Even with advanced technologies, such as nuclear magnetic resonance spectroscopy, deciphering protein structures can be difficult. A few years ago, researchers at the University of Washington decided to enlist the help of citizen scientists by turning the structure discovery process into a spatial reasoning game. The game, called Foldit, became an international phenomenon, attracting thousands of players.
The University of Washington team was so impressed by the Foldit players' performance that they presented them with an AIDS-related protein that had stumped researchers for years. The players, working together in online teams, figured out the structure of the protein in a matter of weeks. The results were published this week as a brief communication in Nature Structure & Molecular Biology. The researchers believe that it's the first instance of online gamers solving a longstanding scientific problem.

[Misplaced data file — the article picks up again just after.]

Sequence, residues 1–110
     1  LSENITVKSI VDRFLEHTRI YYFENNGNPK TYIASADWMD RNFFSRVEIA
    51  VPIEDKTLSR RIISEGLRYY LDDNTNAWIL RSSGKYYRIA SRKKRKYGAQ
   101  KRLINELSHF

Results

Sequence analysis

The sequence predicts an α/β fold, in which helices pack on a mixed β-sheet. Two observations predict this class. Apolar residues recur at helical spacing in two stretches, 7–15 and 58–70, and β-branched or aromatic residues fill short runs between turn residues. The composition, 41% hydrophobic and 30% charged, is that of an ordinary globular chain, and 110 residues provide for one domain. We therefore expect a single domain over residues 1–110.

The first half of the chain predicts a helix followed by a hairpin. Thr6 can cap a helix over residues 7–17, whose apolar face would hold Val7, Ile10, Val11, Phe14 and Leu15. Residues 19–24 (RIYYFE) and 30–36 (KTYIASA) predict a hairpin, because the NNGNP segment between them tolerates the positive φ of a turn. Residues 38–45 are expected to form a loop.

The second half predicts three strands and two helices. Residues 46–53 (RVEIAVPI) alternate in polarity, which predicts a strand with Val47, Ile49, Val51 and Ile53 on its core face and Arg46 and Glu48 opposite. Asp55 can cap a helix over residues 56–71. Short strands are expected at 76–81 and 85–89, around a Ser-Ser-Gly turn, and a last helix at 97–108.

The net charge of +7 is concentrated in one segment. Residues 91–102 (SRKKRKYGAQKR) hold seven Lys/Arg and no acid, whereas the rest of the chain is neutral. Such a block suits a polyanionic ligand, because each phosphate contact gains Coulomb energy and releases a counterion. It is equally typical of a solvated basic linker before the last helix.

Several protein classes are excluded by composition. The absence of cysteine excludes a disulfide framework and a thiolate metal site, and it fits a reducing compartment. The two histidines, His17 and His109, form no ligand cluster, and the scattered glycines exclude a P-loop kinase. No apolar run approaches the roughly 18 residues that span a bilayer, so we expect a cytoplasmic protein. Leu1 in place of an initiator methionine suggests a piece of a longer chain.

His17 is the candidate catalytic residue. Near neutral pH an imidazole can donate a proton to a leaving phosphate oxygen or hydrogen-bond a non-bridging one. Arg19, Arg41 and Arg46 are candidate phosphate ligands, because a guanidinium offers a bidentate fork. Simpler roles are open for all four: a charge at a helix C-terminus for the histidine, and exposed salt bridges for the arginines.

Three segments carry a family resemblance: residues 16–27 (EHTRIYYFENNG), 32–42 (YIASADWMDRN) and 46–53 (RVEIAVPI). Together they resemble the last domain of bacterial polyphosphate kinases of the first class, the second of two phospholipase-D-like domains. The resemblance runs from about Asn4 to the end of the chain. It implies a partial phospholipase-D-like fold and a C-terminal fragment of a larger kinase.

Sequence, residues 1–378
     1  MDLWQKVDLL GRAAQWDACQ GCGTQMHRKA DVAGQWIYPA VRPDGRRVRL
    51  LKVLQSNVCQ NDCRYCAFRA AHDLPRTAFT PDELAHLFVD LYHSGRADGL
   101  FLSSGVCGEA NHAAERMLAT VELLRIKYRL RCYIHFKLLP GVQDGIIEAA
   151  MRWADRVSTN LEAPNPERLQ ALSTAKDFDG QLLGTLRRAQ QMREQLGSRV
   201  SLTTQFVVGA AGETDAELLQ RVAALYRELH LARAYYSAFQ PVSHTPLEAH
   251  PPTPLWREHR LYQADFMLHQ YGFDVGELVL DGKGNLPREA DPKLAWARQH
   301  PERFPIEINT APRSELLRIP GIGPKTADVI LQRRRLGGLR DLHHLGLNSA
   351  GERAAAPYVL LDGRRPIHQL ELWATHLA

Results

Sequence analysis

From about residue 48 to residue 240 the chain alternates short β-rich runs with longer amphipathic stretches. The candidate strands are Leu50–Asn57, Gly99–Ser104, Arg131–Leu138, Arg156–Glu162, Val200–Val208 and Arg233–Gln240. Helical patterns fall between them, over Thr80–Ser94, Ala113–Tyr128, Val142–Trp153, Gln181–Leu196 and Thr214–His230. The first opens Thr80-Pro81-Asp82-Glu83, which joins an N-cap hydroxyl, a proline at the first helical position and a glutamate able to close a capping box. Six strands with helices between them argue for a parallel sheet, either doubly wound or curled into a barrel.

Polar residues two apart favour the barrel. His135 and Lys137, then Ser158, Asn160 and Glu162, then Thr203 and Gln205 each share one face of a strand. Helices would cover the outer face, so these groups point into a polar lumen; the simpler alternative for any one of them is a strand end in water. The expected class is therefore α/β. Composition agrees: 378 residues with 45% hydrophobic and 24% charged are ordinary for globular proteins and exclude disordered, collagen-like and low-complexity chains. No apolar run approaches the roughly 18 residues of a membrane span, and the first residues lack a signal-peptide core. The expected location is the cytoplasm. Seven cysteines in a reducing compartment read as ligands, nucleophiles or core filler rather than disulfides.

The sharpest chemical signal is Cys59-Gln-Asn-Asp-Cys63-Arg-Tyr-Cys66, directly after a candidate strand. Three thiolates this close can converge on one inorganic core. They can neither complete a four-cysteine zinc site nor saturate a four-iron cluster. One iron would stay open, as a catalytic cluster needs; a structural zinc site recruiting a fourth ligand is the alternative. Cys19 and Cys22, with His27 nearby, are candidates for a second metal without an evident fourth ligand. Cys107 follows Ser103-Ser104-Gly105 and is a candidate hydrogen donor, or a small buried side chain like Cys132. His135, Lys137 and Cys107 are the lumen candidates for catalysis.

It's a big victory for proponents of citizen science, but it's also important to realize that this kind of success rarely happens automatically. It has taken continuous tinkering to optimize the game so that players without any background in biochemistry can use it effectively. Without these tweaks, Foldit might have been a fun game, but it probably wouldn't have contributed to science in the same way.
Image, Foldit, University of Washington